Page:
I’ve been thinking recently about Quincy Jones and Michael Jackson’s oft-repeated assertion that Epic Records wasn’t enthused about the choice of Quincy as producer for Off The Wall, stating that he was “too jazzy”. I can’t verify whether that (or a variation of it) was said or not said, obviously. I wasn’t there, Michael is no longer with us, and besides; he and Quincy have shown…let’s say…a knack for telling tall tales in the past.
At any rate, the years preceding Off The Wall found Quincy doing a very successful job as producer for The Brothers Johnson as well as steering his own ship; 1978’s “Stuff Like That” was a number one record. BUT, Michael came along and things went into overdrive; Quincy and his team of writers and musicians became even busier, answering the calls to work with Rufus and jazz guitarist George Benson. These were well-established acts that didn’t necessarily need the assist, but they got a lift from it anyway. “Give Me The Night” topped the soul charts (George’s first!) and hit the top five on the pop list, adding a notch in George’s already hit-studded musical belt.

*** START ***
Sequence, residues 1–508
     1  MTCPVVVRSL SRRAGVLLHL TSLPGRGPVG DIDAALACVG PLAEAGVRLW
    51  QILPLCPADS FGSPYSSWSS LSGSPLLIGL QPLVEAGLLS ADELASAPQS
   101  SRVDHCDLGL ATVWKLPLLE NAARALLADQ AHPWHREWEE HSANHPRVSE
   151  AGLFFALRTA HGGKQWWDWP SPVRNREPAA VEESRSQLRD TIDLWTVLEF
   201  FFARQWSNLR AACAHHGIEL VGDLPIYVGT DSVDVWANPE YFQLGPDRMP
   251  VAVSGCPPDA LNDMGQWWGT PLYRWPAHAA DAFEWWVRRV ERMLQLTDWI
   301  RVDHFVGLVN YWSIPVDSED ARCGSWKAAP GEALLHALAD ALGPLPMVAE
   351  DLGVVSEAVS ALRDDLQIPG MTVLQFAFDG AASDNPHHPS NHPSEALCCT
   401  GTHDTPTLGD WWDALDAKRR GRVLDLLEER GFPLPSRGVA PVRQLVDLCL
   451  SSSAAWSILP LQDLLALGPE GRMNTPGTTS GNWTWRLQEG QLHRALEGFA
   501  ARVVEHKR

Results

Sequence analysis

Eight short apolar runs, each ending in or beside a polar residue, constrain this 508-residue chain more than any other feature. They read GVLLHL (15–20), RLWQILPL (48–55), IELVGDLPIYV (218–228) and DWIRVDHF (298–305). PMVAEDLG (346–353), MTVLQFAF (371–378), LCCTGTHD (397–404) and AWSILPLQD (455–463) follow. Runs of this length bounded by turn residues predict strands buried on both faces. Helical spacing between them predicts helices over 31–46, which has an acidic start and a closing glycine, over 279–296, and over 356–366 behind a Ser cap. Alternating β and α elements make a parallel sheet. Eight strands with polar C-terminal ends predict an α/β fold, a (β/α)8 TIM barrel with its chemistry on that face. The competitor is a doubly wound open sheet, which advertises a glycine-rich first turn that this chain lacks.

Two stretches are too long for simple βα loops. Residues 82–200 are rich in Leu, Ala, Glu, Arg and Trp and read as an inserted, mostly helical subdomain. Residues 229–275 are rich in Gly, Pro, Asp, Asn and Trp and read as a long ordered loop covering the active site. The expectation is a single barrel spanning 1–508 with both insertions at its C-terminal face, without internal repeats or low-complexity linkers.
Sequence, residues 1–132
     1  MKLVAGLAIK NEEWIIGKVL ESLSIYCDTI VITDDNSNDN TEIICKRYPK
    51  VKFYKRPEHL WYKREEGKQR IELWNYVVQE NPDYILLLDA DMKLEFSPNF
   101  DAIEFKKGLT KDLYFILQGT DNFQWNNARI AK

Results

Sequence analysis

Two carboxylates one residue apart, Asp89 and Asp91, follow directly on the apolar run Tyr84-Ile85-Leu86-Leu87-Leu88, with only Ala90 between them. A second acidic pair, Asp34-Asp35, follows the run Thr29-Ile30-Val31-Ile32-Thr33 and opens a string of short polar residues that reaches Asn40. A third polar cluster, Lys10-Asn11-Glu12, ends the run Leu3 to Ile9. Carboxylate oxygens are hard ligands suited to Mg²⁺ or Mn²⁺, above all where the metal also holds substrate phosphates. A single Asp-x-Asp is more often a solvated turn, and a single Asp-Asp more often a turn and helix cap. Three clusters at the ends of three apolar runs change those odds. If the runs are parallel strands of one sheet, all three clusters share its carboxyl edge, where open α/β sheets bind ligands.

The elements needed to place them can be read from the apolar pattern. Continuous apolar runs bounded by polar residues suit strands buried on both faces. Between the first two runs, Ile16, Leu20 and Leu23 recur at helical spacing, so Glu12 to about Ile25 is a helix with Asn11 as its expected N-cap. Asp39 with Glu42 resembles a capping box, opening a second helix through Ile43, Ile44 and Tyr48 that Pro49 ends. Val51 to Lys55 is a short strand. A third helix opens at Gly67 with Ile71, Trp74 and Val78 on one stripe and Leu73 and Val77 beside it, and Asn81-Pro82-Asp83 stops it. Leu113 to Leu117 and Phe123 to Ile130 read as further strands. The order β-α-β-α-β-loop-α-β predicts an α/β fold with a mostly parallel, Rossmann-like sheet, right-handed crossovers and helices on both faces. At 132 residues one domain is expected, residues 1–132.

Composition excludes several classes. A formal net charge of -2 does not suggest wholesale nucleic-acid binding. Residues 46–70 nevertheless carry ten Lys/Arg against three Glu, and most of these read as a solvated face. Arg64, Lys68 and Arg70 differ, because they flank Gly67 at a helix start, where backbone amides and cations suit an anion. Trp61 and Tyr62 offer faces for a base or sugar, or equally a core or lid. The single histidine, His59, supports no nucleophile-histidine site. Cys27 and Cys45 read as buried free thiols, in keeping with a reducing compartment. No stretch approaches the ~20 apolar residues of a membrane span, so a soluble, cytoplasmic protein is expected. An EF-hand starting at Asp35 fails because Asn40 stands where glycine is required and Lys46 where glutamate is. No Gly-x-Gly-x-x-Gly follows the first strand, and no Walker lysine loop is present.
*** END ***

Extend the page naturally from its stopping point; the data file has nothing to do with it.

Q’s musical essence is all over the track. Patti Austin’s background arrangements almost steal the show from George, and Rod Temperton’s nightlife-celebrating lyrics are in full effect. However, George manages to keep his flavor present, with his recognizable guitar licks and scat singing darting in and out of the mix.
While I don’t think George ever gave off a “hip” vibe beyond his jazz days, “Give Me the Night” successfully merged modern dance-centric R&B with his (and Quincy’s) jazz chops; giving George (in my opinion) his best song ever and giving music fans yet another song to roller skate to in the early ’80s-a peak era for skating tunes. Watch the video and you’ll see George himself indulging in a little spin!